So Chinese or Taiwanese nuns can ordain nuns here asserts Dr. Goonatilake.

But those nuns who are of the Mahayana tradition, counter those who oppose the restoration. But when Dr. Goonatilake was in these countries she says that she made a comparison between the Vinaya followed by the two traditions. In the Mahayana countries they follow the Dharmagupta Vinaya, which is no different from the Theravada Vinaya. Dharmagupta was a sub-sect of Theravada.

Although interpretation of the doctrines and modes of practice do differ, in the Vinaya there are only minor differences and they relate to climatic conditions and local social needs she says.

Buddhism itself is very flexible and one can remind oneself that the Buddha did permit the amending of minor rules. After all , says Dr. Goonatilake, the observance of ‘patimokka’, the core of behavioural discipline for Buddhist monks is being followed in Sri Lanka only once a year, when in fact it should be recited once a fortnight.

Somehow it sounds like a veto for all time to be told that the Bhikkhuni sasana cannot be restored because these are Mahayana nuns, because there are no Theravada nuns in the world and it is just too bad, but all novices will have to wait till the birth of the next Buddha in aeons to come!

This kind of inflexibility even Prajapathi Gotami would take from the Buddha we are told. If she did protest at one of the eight garudhammas then it could have been one of the first protests by the women against male supremacy.

She protested against the rule which the chronicles say the Buddha made- that even a nun of one hundred years standing should show respect to a monk who has been just ordained. To many women and scholars this sounds like a monkish rule which crept into the Vinaya, than an injunction of the balanced and Enlightened Buddha who treated all human beings alike. Prajapathi Gotami is said to have demanded that monks and nuns be treated alike according to seniority and not according to sex.

The same Buddha is said to have told Prajapathi Gotami: "O Gotami, perform a miracle in order to dispel the wrong views of those foolish men who are in doubt with regard to the spiritual potentialities of women.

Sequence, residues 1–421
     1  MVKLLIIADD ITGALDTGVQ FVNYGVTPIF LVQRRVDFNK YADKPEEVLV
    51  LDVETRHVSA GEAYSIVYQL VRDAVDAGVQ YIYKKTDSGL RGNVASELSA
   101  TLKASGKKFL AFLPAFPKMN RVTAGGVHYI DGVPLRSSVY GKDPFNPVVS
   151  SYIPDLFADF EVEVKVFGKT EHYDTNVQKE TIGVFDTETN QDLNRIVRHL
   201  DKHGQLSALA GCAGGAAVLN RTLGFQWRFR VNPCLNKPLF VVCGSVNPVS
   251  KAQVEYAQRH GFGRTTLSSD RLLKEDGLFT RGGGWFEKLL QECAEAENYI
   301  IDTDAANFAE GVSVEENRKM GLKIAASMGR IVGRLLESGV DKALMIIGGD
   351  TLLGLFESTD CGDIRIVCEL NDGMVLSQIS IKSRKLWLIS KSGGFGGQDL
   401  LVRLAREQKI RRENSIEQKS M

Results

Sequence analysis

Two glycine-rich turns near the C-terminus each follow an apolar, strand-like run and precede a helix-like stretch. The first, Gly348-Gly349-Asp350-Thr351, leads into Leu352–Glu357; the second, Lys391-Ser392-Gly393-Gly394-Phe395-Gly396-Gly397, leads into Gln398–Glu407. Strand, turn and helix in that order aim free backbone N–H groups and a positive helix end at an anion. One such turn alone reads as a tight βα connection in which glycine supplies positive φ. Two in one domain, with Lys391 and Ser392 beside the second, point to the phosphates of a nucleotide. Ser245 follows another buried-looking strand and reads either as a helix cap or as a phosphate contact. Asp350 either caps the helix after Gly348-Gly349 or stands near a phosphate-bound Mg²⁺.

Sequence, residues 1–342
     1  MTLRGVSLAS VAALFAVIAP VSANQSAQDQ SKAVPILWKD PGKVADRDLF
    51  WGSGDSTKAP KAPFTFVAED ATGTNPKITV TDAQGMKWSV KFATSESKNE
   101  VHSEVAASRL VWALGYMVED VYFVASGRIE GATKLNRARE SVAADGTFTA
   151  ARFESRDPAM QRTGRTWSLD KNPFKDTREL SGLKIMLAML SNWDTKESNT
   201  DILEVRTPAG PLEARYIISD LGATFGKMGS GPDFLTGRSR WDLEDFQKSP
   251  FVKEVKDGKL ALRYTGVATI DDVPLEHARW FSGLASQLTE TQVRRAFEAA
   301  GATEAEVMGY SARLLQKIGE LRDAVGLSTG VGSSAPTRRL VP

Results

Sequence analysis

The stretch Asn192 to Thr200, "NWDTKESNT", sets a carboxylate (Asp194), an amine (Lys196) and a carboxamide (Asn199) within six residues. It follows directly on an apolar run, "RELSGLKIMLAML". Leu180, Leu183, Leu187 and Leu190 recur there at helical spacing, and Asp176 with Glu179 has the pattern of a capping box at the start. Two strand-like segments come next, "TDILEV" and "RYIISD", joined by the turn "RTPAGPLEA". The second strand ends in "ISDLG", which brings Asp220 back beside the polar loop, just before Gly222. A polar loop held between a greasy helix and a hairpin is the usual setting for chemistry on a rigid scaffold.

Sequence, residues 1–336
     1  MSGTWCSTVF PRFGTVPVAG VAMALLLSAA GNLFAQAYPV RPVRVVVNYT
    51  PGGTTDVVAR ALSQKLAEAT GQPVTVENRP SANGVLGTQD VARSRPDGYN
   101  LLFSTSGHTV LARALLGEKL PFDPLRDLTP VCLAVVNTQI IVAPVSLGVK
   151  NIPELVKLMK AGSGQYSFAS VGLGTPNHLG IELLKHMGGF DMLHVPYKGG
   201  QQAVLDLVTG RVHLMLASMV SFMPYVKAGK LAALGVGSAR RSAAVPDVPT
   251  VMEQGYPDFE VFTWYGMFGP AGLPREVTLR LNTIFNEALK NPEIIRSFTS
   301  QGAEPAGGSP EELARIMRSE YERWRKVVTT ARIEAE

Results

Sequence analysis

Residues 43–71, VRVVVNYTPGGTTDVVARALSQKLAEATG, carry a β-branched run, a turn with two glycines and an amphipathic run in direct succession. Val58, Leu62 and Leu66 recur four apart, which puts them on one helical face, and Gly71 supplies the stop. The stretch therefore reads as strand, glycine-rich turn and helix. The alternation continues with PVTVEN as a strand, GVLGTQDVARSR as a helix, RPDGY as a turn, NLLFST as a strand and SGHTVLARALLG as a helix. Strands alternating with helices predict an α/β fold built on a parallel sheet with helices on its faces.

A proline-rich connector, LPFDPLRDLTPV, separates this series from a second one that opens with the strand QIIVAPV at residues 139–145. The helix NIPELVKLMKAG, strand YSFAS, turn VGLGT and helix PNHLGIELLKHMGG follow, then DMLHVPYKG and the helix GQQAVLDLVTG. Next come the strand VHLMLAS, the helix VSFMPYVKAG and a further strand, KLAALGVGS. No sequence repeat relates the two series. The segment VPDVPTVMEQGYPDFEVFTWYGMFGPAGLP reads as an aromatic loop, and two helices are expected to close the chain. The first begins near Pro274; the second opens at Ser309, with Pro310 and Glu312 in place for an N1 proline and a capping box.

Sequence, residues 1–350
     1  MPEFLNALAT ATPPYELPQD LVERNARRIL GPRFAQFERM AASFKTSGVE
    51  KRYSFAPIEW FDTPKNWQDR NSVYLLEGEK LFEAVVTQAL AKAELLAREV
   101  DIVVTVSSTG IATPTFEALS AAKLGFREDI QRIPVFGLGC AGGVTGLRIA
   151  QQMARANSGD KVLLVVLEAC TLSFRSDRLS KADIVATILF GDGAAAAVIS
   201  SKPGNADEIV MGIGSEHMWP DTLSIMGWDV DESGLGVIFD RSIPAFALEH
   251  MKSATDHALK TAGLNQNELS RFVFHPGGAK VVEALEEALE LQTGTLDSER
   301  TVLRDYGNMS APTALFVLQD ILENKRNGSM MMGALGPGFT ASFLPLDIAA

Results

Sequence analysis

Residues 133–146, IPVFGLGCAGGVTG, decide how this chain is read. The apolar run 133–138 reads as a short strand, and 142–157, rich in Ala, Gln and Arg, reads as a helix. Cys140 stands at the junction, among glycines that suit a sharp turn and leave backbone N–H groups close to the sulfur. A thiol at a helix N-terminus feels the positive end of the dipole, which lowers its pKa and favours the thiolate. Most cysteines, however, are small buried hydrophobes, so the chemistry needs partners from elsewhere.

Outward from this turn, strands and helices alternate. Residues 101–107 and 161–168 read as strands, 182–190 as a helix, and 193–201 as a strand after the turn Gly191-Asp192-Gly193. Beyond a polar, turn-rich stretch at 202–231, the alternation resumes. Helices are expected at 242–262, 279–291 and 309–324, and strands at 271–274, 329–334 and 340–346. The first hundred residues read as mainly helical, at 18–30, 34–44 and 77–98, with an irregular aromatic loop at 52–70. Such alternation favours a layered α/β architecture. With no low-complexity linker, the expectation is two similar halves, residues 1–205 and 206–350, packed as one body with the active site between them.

So could the same Buddha have made that discriminatory rule about nuns? There are other contradictions. About this guru dhamma, it was the scholar Oldenburg (1879 Dipavamsa - London Pali Text Society) who said: Not even the Titthiyas ( a heretic religious sect) who propound imperfect doctrines could sanction such homage of men by women? How could the Tatagatha do so?

Did the Buddha reject at first the request for the ordination of women? Perhaps he was accommodating existing social conventions and mores.

It was Dr. G P Malalasekera who was President and founder member of the World Fellowship of Buddhists who advocated in 1934 the restoration of the Bhikkhuni sasana. He, among others, has said that women could be ordained by monks. He quoted a statement attributed to the Buddha and recorded in the Cullavagga of the Vinaya Pitaka which says: I permit you monks to confer higher ordination on nuns.

Bhikkhunis have a historical role to play in our society, says Dr. Goonatilake. They would be very acceptable to ordinary people, particularly women, with whom they establish easy rapport. This can be seen from the readiness with which they give alms to the dasa sil mathas. Bhikkhunis could offer spiritual, social and religious services to the people. They could teach children, recite pirith for pregnant women and act as confidantes to women, she says.